… having had a reasonable night’s sleep last night, it took the alarm to summon me out of my stinking pit this morning.
But I’d been on my travels last night too. There had been a court case and this big gorilla of a man had been found guilty of several violent offences and sent to gaol. He was accompanied from the van by a policeman and a policewoman, neither of whom could be called “powerful” by any means and the inevitable happened – that he broke away from them. We then had this stand-off in that he couldn’t run away but they couldn’t lay hold on him and they were dancing around this car park for quite a while.
A little later I was in my house and I had visitors. Someone knocked something through the window (we were only 6 floors up) and I asked what it was. “A stuffed toy thing” was the answer. When I went down to let them out I picked up the stuffed toy – a stuffed cat as it happens – and began to stroke it, and it transformed into a real kitten. I went for a walk around the town, which was similar to the “old town” of Granville, all the time stroking this animal that I had against my shoulder. Under the archway where people were passing, they suddenly closed it off and a group of schoolchildren led by a teacher came there. He was giving them a talk about the history of the place but they were all distracted by me and my cat.
Saint John is quite an important port, not just for bulk carriers and containers, but also for oil tankers due to the presence of the huge Irvings oil refinery on the edge of town.
I was quite optimistic that we might have a good ship-spotting morning here today as I went on my errands.
And I wasn’t wrong either.
This is the MSC Kim, all 41,000 tonnes of her. Built in 2008, she’s 265 metres long and 32 metres wide. She’s come in from a tour around the Gulf of Mexico, last stop being New York.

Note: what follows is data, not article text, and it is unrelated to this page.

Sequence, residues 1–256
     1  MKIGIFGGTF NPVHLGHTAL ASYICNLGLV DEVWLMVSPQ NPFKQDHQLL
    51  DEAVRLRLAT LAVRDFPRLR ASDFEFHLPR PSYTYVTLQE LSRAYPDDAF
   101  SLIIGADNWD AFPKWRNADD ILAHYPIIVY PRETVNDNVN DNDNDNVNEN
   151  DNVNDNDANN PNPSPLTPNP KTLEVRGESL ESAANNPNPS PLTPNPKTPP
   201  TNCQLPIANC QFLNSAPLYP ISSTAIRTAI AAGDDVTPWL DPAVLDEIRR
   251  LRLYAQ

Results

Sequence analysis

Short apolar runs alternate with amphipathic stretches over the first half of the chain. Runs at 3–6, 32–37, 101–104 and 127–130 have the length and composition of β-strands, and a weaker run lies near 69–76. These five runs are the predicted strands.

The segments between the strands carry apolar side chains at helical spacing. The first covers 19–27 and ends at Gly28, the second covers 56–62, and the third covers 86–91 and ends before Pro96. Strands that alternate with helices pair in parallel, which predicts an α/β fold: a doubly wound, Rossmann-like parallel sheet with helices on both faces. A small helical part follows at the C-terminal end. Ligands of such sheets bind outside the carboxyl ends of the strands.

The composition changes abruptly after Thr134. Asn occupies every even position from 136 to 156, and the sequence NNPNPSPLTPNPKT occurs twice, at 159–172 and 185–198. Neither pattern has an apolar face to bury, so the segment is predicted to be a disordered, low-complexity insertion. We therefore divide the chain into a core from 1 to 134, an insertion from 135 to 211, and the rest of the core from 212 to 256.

Her claim to fame is that when she was unloading in Antwerp a couple of years ago after a trip from Ecuador, Belgian police discovered almost half a tonne of cocaine in her cargo.
While the Silly Brits are busy selling off their heritage in order to raise cash to pay off the massive debt that the country has, other countries are happily snapping up the bargains.
Here on the quayside recently unloaded is a fleet of AEC double-deck buses to add to the ones that we have seen parading around the streets of Montreal.
Won’t be long before the Brits have nothing left to sell, and then the fun will begin.
The way that the Canadian government works, railways are a thing of the past in the country. Seeing a Canadian train is a rare event.
And so no-one was happier than I was to catch a train of three locomotives, two power cars and a partridge in a pear tree go clanking through the port pulling a load of oil tankers
From there, I went off to pay the insurance for Strider. And here we had some bad news – and some worse news.
It seems that I’m not entitled to a No-Claims Discount, having a foreign driving licence. That’s pretty miserable.
And secondly, there has been a substantial (and I do mean substantial) hike in insurance premiums over the last 12 months.